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The September Factor

Amid talk of “plateaus” and “softening,” the real-estate world is watching this month extra closely.


It’s been a funny sort of summer in the real-estate world, as the July and August doldrums have felt less like the usual quiet and more like the beginning of something bad. Ask Prudential Douglas Elliman broker Lisa Wong, who admits to a little survivor guilt. Though she’s been able to buy and sell properties for a steady trickle of clients—a big difference from the deluge a year or two ago, she does admit—many of her colleagues have found themselves with more time on their hands to agonize over the flattening market. Will it get better? Or worse? “I’ve heard that it’s dead,” she says.

April may be the cruelest month, but many agents say it’s September that’s make-or-break time for them. “It’s a litmus test for what the rest of the year will be like,” says Christopher Mathieson, managing partner at JC DeNiro. “This one’s really important because we want to see if the market’s going to continue to plateau.” And they’re hoping the news is good, given all the pessimism out there. A recent Halstead Property report showed that prices dipped 12 percent from June to July this summer; brokers say August was even more sedate. To make deals stick, “you have to work two or three times harder,” says Wong. “You’re getting lowball offers and calls you’d never get before. For something worth $1.9 million, you’ll get an offer for $1.6, something crazy.” Which explains why many agents look forward to the early fall, when beach homes have been shuttered, kids are back in school, and vacation days are used up. “It’s a renewal,” says Barak Realty’s Catherine Holmes.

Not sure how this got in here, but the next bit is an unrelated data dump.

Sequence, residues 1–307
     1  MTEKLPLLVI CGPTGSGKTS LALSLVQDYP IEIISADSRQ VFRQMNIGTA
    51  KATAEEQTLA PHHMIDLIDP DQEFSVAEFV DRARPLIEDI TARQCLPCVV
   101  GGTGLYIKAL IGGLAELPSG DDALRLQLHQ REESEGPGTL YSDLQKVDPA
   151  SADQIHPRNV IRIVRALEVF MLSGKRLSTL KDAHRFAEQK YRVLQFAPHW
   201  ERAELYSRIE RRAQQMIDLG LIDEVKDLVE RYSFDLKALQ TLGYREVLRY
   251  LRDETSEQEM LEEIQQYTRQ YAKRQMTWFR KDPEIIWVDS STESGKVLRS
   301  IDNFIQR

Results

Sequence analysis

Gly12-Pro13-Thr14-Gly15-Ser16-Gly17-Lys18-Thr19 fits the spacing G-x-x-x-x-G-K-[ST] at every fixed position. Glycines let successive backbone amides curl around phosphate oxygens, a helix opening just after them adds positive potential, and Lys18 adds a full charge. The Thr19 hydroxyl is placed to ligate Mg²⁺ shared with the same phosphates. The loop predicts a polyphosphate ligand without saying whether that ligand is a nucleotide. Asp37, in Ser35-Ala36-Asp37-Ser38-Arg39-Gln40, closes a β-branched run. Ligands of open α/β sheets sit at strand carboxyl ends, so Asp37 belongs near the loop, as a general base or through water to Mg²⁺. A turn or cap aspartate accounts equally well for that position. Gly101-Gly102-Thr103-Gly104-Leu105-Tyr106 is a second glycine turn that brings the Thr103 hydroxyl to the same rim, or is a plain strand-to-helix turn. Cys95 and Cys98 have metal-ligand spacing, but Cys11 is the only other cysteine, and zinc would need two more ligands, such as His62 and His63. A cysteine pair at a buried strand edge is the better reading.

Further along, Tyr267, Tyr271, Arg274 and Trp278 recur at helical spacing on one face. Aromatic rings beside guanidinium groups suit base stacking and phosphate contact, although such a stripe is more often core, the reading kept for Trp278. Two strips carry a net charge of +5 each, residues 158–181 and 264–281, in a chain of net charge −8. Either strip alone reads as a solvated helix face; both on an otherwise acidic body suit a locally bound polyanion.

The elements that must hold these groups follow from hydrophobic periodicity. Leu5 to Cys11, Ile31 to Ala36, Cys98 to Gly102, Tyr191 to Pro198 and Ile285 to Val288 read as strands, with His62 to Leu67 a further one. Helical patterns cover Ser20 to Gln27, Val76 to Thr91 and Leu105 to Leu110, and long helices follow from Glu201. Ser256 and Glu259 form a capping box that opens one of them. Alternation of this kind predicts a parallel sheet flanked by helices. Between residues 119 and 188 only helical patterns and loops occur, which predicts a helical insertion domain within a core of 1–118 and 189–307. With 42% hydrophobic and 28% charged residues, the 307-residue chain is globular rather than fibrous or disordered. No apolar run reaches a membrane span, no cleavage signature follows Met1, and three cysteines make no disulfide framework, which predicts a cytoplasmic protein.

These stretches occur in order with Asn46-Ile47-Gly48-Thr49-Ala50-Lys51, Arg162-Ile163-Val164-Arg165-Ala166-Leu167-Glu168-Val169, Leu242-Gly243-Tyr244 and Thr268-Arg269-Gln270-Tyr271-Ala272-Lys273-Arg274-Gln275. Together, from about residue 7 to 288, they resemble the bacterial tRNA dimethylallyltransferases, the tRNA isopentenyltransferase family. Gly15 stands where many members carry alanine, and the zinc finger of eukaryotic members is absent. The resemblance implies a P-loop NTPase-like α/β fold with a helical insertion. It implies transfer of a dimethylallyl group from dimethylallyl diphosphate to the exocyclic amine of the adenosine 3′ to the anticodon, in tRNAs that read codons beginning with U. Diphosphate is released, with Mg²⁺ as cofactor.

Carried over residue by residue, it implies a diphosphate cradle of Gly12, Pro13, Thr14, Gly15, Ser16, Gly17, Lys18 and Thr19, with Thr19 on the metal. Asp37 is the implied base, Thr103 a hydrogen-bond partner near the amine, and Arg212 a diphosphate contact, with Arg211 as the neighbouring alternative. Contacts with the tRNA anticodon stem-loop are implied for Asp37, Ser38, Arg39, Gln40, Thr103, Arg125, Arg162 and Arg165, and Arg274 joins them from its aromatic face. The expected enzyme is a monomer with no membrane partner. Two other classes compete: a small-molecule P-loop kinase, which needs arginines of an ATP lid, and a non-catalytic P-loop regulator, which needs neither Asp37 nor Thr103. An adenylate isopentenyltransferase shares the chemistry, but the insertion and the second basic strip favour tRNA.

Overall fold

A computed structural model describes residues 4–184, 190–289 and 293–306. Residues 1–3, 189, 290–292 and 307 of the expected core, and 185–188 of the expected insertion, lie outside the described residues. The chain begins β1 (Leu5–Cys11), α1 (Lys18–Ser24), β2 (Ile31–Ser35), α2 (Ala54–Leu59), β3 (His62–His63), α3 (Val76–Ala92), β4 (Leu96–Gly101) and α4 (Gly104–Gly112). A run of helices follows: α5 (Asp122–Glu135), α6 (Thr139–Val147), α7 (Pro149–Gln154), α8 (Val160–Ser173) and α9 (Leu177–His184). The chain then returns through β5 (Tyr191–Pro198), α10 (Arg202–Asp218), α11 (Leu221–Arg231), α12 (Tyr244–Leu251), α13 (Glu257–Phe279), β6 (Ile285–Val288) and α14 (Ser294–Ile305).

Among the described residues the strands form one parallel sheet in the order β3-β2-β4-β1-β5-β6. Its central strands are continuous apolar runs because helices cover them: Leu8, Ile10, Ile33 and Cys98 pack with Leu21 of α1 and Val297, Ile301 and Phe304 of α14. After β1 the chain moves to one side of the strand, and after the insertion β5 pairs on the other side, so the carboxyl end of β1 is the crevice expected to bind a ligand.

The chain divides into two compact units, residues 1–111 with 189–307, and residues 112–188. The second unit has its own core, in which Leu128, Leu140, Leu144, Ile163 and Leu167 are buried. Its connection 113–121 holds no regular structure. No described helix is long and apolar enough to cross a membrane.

Or maybe not. “September is clearly a better gauge than July or August. That being said … brokers are like everybody else. They’re looking for benchmarks. Obviously, if you can create some kind of benchmarking for September [and you reach it], it’s reassuring,” explains Frederick Peters, president of Warburg Realty. But if not, says broker Barbara Fox, it’s no reason to reach for the panic button, either. “We’re coming off the most frenetic market in history, and what we’re seeing now is more normal,” she adds. “This is what people who’ve been in business a while are used to.” Besides, says Mathieson, the calmer market may actually be a blessing. “It can be a little boring,” he says, laughing, “but it’ll give us an opportunity to have a life.”

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